DA Member of the Gauteng Provincial Legislature
The infusion of R150m to the Affordable Housing Company from France’s development aid agency is welcome news for the inner city. It also focuses attention on the future of the country’s housing policy.
It is increasingly recognised that resolving South Africa’s housing deficits requires fresh thinking – in particular, moving away from the idea of housing being provided by the state in the form of free-standing units, each on its own plot. This is not a solution that can work in our urban centres. Population pressures from natural growth and in-migration will constantly outstrip the resources available, while driving an ever-growing urban sprawl. What this means in turn is that people are pushed further away from potential job opportunities – usually the reason for urbanisation in the first place.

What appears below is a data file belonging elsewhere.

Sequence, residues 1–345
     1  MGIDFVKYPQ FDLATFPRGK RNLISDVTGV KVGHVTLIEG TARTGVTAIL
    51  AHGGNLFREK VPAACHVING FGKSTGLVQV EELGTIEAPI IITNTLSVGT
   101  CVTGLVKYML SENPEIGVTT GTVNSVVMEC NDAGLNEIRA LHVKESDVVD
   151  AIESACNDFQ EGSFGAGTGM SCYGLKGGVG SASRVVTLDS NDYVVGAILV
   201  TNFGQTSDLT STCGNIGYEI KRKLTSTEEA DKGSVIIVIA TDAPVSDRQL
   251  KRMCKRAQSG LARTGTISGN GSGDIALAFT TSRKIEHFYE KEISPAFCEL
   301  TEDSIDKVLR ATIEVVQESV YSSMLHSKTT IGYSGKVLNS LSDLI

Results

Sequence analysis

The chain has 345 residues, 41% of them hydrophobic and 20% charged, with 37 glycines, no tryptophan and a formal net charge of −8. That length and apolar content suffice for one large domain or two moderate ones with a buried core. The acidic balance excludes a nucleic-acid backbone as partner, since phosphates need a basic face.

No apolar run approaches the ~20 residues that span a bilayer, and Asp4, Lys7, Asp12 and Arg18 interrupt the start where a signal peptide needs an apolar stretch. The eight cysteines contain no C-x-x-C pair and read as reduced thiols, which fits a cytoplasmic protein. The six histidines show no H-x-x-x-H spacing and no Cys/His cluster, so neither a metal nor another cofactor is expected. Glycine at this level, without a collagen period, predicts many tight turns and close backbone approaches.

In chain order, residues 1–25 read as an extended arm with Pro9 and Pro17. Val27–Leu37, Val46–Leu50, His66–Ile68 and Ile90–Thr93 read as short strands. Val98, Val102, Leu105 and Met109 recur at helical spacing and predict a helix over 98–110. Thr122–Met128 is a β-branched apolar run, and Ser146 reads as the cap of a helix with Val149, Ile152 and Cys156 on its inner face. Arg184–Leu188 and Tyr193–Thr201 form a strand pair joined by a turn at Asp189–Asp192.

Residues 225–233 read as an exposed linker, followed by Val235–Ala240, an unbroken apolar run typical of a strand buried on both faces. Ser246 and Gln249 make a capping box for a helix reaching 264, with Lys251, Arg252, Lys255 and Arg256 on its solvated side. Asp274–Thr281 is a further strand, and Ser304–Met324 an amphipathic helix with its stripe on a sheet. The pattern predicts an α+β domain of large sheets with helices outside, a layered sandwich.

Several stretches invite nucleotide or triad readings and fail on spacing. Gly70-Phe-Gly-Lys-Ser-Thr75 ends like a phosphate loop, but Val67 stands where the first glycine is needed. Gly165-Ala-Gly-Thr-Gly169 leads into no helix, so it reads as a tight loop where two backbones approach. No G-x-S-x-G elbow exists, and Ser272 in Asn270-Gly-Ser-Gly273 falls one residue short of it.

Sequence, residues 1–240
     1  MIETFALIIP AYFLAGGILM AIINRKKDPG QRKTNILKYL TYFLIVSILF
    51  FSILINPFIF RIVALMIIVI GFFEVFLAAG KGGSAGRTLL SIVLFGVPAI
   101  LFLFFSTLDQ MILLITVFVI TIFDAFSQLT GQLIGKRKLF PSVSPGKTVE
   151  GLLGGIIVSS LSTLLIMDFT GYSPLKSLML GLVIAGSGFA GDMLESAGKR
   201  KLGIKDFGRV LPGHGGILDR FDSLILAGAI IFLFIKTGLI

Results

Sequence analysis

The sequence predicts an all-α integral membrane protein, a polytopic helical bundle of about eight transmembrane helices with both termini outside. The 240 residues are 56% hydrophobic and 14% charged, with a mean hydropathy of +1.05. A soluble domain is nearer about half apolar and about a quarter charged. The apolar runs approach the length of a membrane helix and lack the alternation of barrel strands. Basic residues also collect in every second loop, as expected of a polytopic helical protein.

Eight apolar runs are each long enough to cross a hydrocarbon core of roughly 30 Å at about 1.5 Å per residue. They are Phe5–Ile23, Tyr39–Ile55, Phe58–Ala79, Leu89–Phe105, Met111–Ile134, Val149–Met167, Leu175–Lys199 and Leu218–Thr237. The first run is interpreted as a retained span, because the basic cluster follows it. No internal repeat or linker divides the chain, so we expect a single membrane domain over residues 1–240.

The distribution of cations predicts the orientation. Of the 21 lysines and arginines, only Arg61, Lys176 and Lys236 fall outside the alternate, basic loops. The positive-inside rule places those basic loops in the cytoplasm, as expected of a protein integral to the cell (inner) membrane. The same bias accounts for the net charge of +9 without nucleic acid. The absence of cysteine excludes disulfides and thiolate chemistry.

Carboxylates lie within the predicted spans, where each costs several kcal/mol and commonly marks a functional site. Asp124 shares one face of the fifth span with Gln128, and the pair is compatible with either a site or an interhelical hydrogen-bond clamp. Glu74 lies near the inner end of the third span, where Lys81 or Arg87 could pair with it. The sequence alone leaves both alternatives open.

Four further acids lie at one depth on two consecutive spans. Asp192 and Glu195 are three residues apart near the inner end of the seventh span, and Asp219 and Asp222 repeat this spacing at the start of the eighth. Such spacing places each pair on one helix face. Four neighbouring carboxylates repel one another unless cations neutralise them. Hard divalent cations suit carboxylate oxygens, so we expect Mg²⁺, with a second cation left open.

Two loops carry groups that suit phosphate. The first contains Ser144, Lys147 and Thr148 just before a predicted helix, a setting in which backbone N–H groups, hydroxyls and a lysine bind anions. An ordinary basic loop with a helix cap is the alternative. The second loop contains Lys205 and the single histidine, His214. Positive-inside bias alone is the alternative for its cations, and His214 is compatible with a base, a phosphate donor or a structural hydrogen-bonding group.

Revitalising existing assets in the inner cities holds immense potential benefits. It points the way towards the inevitable expansion of housing “upwards” – a trend common throughout all successful urban centres. This is as yet a rather novel idea in South Africa, but one to which we will have to adapt. And it gives poorer folk a home near to where the opportunities are. This holds collateral benefits of improved family and community life.
Perhaps most importantly, this initiative is a demonstration of what enterprising private initiative can do to benefit the poor. It is an avenue of creativity that we should never neglect.
The challenge for government is to ensure that the environment in the inner city – the provision of public transport, the cleanliness and maintenance of the infrastructure, and the safety of the streets – is kept up. This will make for human settlements for all to be proud of!